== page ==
WWE.com has conducted an interview with backstage interviewer and host Renee Young, shedding light on her broadcasting background, her acting pursuits and possibly becoming the WWE’s first female color commentator.
Being a WWE fan growing up: “I was. I attended a few events and WrestleMania VI. My dad is a concert promoter and he’d get me into the events. I remember being backstage and meeting “Stone Cold” [Steve Austin], Triple H, Chyna and Trish [Stratus] as a kid, so it’s really funny to me that I ended up here. I went on a different path than wanting to become a WWE Superstar. I have a broadcasting and performance background.”
Pursuing acting first: “I always wanted to be an actor. Acting is really where everything started for me. As soon as I got out of high school, I went to The Second City and trained in improv comedy. I always wanted to be more of a comedic actress. That was the path I wanted to take. I fled off to Los Angeles at 19 without having worked a day of my life as a performer. I came back to Toronto and auditioned for different films, music videos and commercials. I did a commercial for Oxy, I was in a Tom Green music video, a Kelly Clarkson music video and other film projects. Being in Canada, I got stuck not getting lead role auditions, so I switched gears and got into hosting. I just needed a camera and myself to do that.”
Getting back into wrestling: “Within the first three months or so of being at The Score, my boss asked me to do a post-show for Raw. I hadn’t watched WWE since I was kid, but got back into it. As any starving performer knows, you say yes to anything that comes your way. We started doing Right After Wrestling [later called Aftermath], and it turned into a moderate success in Canada. Then we started doing a SmackDown post-show as well with former WWE referee Jimmy Korderas, [wrestling journalist] Arda Ocal and a few people that cycled through. It was fun. We did a live TV show twice a week, recapped everything and interviewed some of the Superstars. Getting to know some of these guys before I came to work at WWE was a big help.”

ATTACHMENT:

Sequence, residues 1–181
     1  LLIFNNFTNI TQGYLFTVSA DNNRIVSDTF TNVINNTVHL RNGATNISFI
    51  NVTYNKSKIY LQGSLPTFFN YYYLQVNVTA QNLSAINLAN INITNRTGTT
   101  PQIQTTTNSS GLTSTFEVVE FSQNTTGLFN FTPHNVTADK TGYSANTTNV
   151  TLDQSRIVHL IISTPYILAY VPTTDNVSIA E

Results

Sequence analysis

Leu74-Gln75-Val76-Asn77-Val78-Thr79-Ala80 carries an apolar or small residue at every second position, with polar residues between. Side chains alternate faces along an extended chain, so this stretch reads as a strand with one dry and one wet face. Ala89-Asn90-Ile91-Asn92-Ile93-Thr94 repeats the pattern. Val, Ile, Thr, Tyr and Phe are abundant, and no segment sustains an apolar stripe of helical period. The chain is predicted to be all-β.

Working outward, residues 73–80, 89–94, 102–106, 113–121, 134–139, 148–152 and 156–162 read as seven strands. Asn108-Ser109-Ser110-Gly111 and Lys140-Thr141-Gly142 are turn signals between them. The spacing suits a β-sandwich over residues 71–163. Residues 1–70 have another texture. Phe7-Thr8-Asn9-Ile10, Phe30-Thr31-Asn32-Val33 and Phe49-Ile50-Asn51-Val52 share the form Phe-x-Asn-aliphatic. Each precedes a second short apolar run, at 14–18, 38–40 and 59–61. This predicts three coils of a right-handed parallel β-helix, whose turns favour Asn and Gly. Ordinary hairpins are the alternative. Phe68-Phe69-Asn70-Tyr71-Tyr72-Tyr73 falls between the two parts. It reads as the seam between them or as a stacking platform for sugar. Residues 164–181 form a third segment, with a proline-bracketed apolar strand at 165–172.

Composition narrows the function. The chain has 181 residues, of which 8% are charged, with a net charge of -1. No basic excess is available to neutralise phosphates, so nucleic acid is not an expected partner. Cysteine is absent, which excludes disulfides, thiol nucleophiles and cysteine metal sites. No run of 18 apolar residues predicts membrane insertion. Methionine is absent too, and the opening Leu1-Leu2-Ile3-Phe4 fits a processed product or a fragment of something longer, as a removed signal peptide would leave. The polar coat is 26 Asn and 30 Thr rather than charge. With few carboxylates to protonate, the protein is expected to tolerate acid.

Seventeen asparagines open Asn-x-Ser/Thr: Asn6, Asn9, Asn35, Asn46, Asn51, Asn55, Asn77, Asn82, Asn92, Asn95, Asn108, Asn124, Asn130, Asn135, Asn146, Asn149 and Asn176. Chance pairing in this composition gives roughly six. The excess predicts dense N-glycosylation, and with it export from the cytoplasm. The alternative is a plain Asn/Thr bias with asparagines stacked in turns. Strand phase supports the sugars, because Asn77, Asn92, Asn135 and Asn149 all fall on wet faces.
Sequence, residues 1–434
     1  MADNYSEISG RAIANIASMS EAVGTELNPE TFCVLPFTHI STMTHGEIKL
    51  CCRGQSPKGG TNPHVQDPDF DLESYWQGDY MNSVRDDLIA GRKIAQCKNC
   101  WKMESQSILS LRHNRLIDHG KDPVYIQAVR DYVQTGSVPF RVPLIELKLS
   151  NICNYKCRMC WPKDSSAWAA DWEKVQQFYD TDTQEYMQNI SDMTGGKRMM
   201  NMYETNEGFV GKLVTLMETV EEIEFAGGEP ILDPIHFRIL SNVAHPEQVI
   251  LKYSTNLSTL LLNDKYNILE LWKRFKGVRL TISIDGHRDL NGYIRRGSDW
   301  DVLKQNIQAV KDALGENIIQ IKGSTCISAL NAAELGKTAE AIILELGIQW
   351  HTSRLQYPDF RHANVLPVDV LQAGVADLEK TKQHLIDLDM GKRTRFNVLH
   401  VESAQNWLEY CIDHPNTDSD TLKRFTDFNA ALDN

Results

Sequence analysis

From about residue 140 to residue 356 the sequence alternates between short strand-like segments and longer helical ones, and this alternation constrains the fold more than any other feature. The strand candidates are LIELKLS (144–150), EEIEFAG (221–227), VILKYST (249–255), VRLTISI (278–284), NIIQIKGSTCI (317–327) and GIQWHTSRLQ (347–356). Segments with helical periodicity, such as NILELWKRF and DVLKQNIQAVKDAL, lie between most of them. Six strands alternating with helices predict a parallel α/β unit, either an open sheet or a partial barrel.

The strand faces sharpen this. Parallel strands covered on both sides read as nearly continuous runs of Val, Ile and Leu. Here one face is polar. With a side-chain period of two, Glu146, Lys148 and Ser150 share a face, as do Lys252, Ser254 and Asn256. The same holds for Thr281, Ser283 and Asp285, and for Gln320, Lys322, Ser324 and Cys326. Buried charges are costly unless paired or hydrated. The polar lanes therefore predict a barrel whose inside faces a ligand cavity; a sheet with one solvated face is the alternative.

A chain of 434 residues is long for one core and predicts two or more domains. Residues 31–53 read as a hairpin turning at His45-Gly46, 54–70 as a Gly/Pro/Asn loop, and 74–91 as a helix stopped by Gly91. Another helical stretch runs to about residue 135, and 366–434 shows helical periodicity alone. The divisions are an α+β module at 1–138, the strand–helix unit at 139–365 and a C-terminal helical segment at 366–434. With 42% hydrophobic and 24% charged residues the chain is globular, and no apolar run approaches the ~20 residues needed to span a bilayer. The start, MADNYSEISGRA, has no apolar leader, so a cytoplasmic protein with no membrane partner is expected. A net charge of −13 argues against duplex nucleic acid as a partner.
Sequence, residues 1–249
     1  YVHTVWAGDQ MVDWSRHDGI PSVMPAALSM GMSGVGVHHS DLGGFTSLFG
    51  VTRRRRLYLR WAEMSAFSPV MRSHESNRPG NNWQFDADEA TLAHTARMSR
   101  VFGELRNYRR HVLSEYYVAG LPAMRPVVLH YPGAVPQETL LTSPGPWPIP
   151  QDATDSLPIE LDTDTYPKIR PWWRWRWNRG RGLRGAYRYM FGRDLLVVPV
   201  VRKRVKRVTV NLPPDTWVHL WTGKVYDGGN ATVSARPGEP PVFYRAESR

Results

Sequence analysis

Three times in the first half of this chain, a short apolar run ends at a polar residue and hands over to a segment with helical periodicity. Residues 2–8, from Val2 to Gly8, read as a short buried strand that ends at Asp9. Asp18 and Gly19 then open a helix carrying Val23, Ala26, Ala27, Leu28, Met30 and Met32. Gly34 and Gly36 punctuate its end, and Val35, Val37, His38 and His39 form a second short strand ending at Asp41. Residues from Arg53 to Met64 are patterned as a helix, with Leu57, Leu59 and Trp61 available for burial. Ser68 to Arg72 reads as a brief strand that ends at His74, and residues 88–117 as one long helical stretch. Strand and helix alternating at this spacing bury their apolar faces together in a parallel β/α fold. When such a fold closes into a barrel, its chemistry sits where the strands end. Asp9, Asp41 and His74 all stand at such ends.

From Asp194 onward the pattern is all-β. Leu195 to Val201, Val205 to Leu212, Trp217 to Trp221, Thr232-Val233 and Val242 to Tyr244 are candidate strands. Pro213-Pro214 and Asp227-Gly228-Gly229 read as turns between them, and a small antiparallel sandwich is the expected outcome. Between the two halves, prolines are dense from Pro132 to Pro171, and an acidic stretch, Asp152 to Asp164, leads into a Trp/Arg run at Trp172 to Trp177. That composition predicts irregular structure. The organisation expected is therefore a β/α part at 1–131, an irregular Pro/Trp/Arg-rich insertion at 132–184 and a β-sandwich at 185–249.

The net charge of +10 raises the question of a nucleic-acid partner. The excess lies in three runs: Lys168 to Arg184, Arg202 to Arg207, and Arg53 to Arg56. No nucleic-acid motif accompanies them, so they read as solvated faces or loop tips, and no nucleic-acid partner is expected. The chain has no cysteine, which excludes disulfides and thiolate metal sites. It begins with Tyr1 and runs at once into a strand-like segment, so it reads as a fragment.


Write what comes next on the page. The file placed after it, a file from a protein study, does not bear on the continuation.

Being a female in a predominantly male environment: “I have never really thought of myself that way. Obviously, I think of myself as a woman, but I just try to be like everyone else. I don’t blend in, but I don’t think of myself as a woman in a man’s world. I’ve been a woman working in a man’s world since day one of working as a professional in this field. It works to my advantage, though. It makes people feel comfortable and there’s an ease about it where I’m not just acting as “the pretty girl.” There’s lots of Superstars around here who are massive, large men, and sometimes they get in my face and scream at me — ahem … Paul Heyman — but it’s fun and cool. It hasn’t been done in a long time with someone that has brought in specifically to be a broadcaster rather than having a Diva transitioning into that role. It’s a unique position to be in.”
Doing color commentary: “I was doing color commentary down at NXT, and it’s been a really great opportunity for me to tap into my hosting background, using my brain and thinking on my feet. Being clever with it is awesome for me. I love being able to do that. I would love to be the first female to do color commentary for this company. That would be a cool thing to do. I would love to be the girl to take on that role.”
You can read the full interview on WWE.com.